Not so great Gladys?

"The Great Gladys" was how the poet, Philip Larkin, described the crime writer, Gladys Mitchell; one of the lesser known names of the Golden Age of Detective Fiction. Mitchell was born in 1901, studied at Oxford and became a teacher. Her first book was published in 1929, and introduced readers to her detective heroine, Beatrice Lestrange Bradley, who would continue to entertain readers for the next 50+ years.

In style I would say she is nearer to Margery Allingham than to Christie, Sayers, or Ngaio Marsh. There is an odd other-worldliness to her novels (at least judging from Tom Brown's Body, the first I've read). Mrs. Bradley, professional psychiatrist, researcher into the supernatural, and amateur sleuth, investigates when she happens to be in the wrong place at the right time. All is not well at a boys' boarding school, when an unpopular master is murdered in very strange circumstances.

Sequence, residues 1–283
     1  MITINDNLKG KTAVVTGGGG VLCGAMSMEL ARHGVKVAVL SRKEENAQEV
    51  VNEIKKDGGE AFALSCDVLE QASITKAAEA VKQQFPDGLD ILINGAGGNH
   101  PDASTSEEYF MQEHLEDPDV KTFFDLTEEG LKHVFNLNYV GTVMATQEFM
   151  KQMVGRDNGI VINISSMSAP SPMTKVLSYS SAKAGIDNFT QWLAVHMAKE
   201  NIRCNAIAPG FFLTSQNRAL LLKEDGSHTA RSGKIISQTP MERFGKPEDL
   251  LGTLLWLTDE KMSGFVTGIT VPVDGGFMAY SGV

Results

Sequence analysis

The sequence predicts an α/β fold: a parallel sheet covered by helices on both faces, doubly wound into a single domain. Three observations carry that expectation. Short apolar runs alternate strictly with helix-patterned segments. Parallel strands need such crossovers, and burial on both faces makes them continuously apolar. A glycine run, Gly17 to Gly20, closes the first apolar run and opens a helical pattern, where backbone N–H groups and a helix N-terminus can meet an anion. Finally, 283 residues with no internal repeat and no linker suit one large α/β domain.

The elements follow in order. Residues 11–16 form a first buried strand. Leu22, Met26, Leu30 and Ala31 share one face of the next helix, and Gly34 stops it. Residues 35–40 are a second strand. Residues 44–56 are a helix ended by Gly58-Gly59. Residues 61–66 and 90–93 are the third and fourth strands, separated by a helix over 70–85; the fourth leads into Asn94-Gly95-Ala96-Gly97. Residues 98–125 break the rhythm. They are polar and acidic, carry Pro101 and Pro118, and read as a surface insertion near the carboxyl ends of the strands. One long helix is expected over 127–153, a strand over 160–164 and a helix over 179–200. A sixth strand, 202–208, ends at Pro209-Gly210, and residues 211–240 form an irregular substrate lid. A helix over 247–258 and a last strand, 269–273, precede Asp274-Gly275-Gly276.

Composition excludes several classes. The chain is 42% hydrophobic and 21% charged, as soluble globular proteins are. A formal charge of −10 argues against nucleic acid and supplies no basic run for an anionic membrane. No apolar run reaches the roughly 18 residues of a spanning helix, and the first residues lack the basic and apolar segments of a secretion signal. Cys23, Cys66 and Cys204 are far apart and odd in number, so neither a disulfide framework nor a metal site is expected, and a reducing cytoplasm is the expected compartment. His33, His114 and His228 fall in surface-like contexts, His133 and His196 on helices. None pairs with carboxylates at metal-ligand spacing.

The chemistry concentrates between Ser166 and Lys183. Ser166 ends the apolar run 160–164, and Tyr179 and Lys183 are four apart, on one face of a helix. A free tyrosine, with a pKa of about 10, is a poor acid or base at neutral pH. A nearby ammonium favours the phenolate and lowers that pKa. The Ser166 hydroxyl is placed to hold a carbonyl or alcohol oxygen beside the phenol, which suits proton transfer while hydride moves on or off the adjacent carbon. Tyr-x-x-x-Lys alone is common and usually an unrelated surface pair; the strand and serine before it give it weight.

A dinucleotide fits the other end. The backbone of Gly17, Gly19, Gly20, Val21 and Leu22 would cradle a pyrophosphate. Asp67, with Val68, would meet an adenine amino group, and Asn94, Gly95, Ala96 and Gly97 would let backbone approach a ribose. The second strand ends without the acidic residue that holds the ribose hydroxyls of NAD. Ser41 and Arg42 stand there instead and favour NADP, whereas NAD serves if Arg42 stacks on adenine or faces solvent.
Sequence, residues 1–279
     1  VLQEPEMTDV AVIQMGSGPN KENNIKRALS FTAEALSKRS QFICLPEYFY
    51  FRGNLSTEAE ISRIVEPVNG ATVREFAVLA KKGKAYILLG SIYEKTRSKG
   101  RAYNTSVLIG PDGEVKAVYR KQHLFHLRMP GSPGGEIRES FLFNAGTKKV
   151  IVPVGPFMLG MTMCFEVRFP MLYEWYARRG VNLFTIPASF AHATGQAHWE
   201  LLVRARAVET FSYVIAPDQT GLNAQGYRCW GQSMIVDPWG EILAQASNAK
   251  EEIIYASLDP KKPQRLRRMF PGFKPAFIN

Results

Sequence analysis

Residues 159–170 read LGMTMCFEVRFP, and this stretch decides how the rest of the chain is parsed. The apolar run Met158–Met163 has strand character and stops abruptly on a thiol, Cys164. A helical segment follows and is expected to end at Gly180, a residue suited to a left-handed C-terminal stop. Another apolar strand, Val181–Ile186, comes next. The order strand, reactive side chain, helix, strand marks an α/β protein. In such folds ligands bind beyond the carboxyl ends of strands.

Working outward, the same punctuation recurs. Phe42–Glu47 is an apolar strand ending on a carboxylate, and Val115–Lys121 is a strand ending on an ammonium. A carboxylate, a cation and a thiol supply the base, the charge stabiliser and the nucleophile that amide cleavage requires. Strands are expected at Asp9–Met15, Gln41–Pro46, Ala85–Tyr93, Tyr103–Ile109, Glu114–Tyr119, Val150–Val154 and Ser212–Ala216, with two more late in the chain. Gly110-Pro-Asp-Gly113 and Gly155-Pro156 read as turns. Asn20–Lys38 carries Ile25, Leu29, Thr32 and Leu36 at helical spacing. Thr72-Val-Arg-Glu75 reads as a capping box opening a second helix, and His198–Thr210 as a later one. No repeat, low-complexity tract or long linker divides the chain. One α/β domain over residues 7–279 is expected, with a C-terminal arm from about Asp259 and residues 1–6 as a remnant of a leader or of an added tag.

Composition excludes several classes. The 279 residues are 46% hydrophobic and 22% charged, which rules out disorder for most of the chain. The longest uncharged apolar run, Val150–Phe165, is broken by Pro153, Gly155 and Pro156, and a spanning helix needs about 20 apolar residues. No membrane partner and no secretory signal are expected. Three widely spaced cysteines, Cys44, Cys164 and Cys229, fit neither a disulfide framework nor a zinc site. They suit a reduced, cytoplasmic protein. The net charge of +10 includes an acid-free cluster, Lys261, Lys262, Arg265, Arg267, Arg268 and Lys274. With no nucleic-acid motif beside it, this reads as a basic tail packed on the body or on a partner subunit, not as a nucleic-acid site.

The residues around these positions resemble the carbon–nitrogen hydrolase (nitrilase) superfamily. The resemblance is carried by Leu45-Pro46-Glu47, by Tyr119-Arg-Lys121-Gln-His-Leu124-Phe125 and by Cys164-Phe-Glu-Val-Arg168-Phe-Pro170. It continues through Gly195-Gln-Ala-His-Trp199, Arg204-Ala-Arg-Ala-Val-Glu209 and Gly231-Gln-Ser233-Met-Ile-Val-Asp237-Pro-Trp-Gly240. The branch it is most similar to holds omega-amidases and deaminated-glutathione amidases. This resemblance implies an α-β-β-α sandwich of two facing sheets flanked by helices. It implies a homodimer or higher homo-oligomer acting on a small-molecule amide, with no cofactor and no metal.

To be honest, this really didn't grab me. It was an interesting comparison read to other crime novels of the same period, but it just didn't draw me into it - although quite why not when it had a quirky cast, a pseudo-Roman bath, and a dollop of witchcraft, I don't know. Perhaps it was because I found the characters largely unbelievable, especially Mrs. Bradley - I'm afraid I didn't warm to her. While Mitchell seemed quite happy to break the rules of detective fiction whenever she felt like it. A particular bete-noire of mine.

It was entertaining, it certainly wasn't the worst detective novel I've ever read, but "Great?" Perhaps I just got the wrong book....


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